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Teaching a young toddler to eat solids can be challenging, particularly when they reach the stage where they want to control the feeding, and insist on feeding themselves.

It is also messy.

Lots of food ends up on my son, on me, on my wife, and on the floor. Much of that is accidental.

At 15 months, my son does fairly well now putting food into his mouth (unless it is particularly slippery).

However, if he decides he no longer wants something that he has in his hand, his typical response is to drop it on the floor (it is almost never dropped on the table). If he is walking with a snack, and decides he doesn't want it anymore (whether he's just tired of it, or sees something else he wants more, like his bottle), he will pause, and then carefully and deliberately drop it behind him.

If he has multiple pieces of food available to him, and decides he doesn't want them, he insists on pushing every single piece out of his immediate reach, usually by sweeping his arm across them or brushing vigorously with his hand.

He doesn't throw food, and there doesn't seem to be any element of defiance to his actions. It is simply "I'm done with this, so I'll drop it/move it away from me".

Is he old enough to be taught that food should not be dropped on the floor? We've tried telling him to put it on the table, and the few times he does put food down on the table, or on the plate, we've encouraged him with words, smiles, and clapping, but he doesn't seem to be showing any decrease in the "drop on the floor" behavior.

If he is old enough to be taught, what are some good techniques for teaching him?

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How old is your son? –  Karl Bielefeldt Dec 21 '11 at 17:56
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Ugh, I had that in there, and then accidentally dropped it when I made some edits. He's 15 months, but I'll add that back in. Good catch! –  Beofett Dec 21 '11 at 18:04
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2 Answers

up vote 5 down vote accepted

In my experience, kids stop doing that at around age 3. However, like anything else, they don't magically know how to do things just because they had a birthday. You start teaching him now and eventually it catches on.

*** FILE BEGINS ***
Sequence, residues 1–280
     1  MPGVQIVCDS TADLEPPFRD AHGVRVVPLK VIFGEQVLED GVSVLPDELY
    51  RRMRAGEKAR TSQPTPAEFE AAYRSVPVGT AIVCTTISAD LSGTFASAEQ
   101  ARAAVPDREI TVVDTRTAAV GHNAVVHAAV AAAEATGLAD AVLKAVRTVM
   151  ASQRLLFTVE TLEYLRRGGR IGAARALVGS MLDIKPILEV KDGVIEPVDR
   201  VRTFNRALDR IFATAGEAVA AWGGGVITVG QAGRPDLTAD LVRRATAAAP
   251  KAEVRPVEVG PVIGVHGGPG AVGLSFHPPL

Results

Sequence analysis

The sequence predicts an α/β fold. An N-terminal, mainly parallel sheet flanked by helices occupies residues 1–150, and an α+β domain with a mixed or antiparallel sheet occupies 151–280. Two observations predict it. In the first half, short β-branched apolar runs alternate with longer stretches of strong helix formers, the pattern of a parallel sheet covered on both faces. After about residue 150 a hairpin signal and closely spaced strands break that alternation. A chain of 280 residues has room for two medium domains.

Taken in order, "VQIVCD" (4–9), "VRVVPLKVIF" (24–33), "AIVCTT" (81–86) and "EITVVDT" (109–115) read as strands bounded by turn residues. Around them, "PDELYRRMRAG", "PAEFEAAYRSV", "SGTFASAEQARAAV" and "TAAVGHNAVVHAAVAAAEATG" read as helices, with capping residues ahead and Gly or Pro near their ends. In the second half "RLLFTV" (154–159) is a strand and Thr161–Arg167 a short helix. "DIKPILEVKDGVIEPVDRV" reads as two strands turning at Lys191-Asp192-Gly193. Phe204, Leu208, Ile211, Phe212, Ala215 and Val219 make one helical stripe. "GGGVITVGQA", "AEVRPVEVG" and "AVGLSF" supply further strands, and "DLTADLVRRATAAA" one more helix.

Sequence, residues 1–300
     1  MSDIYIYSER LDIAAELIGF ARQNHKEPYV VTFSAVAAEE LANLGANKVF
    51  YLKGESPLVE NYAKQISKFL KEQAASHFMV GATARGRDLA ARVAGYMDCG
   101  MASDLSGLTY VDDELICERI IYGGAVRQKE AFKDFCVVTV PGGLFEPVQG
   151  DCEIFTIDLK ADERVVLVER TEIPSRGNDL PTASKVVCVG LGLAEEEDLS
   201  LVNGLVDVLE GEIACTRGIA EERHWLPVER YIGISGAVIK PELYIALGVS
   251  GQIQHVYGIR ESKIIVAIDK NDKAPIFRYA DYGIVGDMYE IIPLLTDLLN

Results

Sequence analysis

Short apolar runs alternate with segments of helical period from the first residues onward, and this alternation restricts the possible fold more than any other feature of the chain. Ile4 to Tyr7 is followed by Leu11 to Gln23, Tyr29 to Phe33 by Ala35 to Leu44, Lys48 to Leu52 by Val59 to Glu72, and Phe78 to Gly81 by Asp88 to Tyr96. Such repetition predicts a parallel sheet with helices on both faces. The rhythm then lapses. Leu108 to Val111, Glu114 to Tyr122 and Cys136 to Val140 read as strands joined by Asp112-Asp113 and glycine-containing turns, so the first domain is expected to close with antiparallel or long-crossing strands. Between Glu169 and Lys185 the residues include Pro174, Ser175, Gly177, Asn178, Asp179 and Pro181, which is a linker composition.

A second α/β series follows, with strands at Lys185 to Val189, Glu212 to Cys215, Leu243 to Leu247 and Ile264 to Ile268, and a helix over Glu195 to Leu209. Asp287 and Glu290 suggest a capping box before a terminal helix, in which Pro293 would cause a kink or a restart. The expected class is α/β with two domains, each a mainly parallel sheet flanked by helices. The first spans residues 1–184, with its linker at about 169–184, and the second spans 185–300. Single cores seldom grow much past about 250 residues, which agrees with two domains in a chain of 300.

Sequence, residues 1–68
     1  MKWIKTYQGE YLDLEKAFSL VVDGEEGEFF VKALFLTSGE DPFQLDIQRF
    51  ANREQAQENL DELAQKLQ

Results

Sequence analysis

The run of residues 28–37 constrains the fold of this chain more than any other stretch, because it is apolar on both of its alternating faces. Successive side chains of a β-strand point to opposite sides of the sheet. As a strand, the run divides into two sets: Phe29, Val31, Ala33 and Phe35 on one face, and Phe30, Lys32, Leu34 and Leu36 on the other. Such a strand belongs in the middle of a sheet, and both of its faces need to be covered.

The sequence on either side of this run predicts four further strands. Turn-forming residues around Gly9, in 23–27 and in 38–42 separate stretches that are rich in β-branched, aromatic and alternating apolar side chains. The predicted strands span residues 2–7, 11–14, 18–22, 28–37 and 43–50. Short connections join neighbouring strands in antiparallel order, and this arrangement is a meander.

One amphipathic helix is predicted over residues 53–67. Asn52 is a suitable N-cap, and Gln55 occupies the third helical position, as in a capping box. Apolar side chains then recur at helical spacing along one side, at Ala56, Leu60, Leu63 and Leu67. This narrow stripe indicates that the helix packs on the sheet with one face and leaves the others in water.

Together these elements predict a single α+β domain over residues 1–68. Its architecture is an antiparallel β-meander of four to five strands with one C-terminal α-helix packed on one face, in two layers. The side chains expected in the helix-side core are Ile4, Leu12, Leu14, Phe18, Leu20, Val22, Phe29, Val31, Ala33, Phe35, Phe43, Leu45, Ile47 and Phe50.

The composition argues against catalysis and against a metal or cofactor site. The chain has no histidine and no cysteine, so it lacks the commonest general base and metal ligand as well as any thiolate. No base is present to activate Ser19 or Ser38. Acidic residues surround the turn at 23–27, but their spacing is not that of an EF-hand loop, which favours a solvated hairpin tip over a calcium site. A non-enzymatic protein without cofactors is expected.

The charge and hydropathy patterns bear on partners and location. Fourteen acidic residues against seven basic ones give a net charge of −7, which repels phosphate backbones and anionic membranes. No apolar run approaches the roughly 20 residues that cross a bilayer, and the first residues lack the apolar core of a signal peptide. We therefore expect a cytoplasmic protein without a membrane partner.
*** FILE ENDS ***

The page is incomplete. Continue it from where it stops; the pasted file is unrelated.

It's really important not to just say no, but to teach the alternative. You can't really suppress their instinct to push it away, just redirect it to a more suitable location. In our family, we say "put it right there" and point to an empty spot on the table near them. It also helps a lot if you catch him when it looks like he's done, but before he drops the food. That's easier said than done, but usually there's some sign beforehand like bites slowing down, playing with the food more, or looking distracted or squirmy.

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This worked very well for us. Now he either puts it next to his plate, or (more often) hands it to us. Thanks! –  Beofett Feb 15 '12 at 14:56
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As an update, the key definitely seemed to be looking for the signs that he was about to finish. Whenever he seemed to be finishing, we'd ask "are you done with your banana?" (or whatever). Now he's much better about announcing "done banana" and handing it to us, or putting it carefully on the table. –  Beofett Aug 13 '12 at 16:14
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He is not to young. When he drops food on the floor back up his chair so he can not reach the food anymore (are take away the tray if he is still in a highchair). Say, I guess you are finished with dinner if you are putting food on the floor. After a few minutes ask him if he would like more dinner and remind him that food does not belong on the floor. Repeat this every night and every time. As well, when dinner is over have him clean up the floor.

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I know my niece would love to help cleaning the floor afterwards. She would see it as a nice reward for dropping food. –  Martha Dec 23 '11 at 15:33
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